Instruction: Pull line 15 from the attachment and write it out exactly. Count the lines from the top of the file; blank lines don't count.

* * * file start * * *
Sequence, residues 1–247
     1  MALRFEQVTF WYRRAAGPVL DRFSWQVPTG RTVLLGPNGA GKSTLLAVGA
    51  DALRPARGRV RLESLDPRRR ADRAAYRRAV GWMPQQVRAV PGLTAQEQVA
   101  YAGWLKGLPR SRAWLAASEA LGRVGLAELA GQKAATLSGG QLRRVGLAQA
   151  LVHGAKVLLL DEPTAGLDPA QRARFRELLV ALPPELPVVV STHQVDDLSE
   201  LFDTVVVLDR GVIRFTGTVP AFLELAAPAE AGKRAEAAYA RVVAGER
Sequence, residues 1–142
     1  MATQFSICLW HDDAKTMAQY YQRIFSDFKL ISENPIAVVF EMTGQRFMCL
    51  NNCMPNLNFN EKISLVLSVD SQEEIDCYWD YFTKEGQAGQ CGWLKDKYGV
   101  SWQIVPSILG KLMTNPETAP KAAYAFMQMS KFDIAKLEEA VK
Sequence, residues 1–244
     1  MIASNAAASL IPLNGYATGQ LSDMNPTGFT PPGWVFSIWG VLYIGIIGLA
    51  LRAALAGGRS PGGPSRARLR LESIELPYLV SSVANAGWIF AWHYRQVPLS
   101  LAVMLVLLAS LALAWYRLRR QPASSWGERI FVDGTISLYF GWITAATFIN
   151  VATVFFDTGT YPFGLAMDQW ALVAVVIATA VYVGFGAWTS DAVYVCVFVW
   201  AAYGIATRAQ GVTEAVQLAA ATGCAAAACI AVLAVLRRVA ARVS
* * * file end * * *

   151  VATVFFDTGT YPFGLAMDQW ALVAVVIATA VYVGFGAWTS DAVYVCVFVW